*Update* See later post here, where I’ve switched to CommaFeed.
Since Google Reader is abandoning us, I’ve been checking out a few different feed readers.
Some were just awful, and I hated them (I’m looking at you, NetVibes!). The only two I could see myself using were Feedly and The Old Reader. For now, I’ve decided to use The Old Reader. Here are some of my thoughts on the two of them:
Feedly is pretty good, and has an attractive magazine-like interface, but I have a few issues with it. For one, it seems too complicated. I don’t need or want all of the additional social media “stuff”. By customizing it to get rid of the pieces I didn’t want, and using the “latest” view as my default, it worked pretty well for me, though. I liked the “go to top” button (the up arrow with a line over it) which shows up as you scroll down the list, and I also liked that it was easy to mark an item as unread if I wanted to come back to it later without using the “save for later” bookmark. What I didn’t like was the lack of navigation buttons to go to the next or previous article. There are keyboard shortcuts, but I have a hard time remembering that they’re “H” (previous) and “J” (next). “N” and “P” will select the next/previous article, but that doesn’t actually open it. Another concern is that they currently use Google Reader as their back end. They’re building their own sync engine, but who knows how well that will work when Google Reader pulls the plug?
The Old Reader isn’t pretty like Feedly, but it has just what I need and not all the other junk. Clean and simple. The interface is the one that is most like Google Reader. As far as I can tell, you have to sign into The Old Reader using either a Google or Facebook account. If you’re using Google Reader, though, you obviously have a Google account. There are convenient up and down arrows to navigate through the list of articles, and you can set it to a list view which just shows the titles:
or the full view which shows part of the article:
Sorry I don’t have great examples in my screenshots, but I had read everything else.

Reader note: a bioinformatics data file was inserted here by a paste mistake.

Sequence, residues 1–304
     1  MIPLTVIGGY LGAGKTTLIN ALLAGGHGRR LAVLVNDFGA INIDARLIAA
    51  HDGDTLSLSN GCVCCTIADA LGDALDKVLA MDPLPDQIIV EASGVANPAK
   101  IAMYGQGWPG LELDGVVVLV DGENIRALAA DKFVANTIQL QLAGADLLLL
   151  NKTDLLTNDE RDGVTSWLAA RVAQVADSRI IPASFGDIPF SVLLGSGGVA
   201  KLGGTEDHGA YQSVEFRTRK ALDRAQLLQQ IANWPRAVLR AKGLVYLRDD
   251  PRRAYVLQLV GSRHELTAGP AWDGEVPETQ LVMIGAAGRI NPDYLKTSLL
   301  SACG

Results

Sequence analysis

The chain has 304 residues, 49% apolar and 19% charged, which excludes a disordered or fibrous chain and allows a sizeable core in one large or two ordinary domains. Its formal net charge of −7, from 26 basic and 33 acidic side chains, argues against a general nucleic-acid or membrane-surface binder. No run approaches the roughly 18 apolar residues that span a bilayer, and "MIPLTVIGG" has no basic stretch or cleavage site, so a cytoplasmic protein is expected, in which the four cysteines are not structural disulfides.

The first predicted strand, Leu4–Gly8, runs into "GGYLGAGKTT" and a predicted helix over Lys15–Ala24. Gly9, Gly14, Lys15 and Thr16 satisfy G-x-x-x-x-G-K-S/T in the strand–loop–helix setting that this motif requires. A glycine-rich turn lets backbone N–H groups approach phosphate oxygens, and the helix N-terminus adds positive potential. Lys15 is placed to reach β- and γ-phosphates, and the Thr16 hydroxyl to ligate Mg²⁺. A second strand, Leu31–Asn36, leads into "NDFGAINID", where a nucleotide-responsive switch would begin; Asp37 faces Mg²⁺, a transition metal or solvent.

What I’m not crazy about is that there’s not really a “save for later” button. There’s a “like” button that can be used in the same way, though, so I’m happy enough with that, even though it seems a bit odd to “like” an article that I haven’t even read. The other slight drawback is that if I just mark an article as read to keep it in the list, it won’t keep that setting if I scroll past it again later, the way Google Reader did – so sometimes articles I want to keep as “unread” end up getting marked as “read” and disappear. That pretty much forces me to use the “like” button if I know it’s something I’m not going to get to for a few days.
Also, articles don’t seem to show up in The Old Reader as quickly as they do in Feedly, but I suspect that’s due to the Google Reader backend for Feedly, which will be changing when they have to start using their own syncing engine.
If you use a lot of social media, you might prefer Feedly. But if you just want a bare-bones reader for your blogs, The Old Reader is a good choice.
Another thing to consider: If you use your reader on multiple computers or devices, that may make a difference for you, too. The Old Reader is website-based, so you don’t need an app – just point your browser to the website. Feedly requires you to install an app on your mobile devices. You may have a preference for one or the other. I hate having to install apps if I don’t need to, which makes The Old Reader an even better choice for me.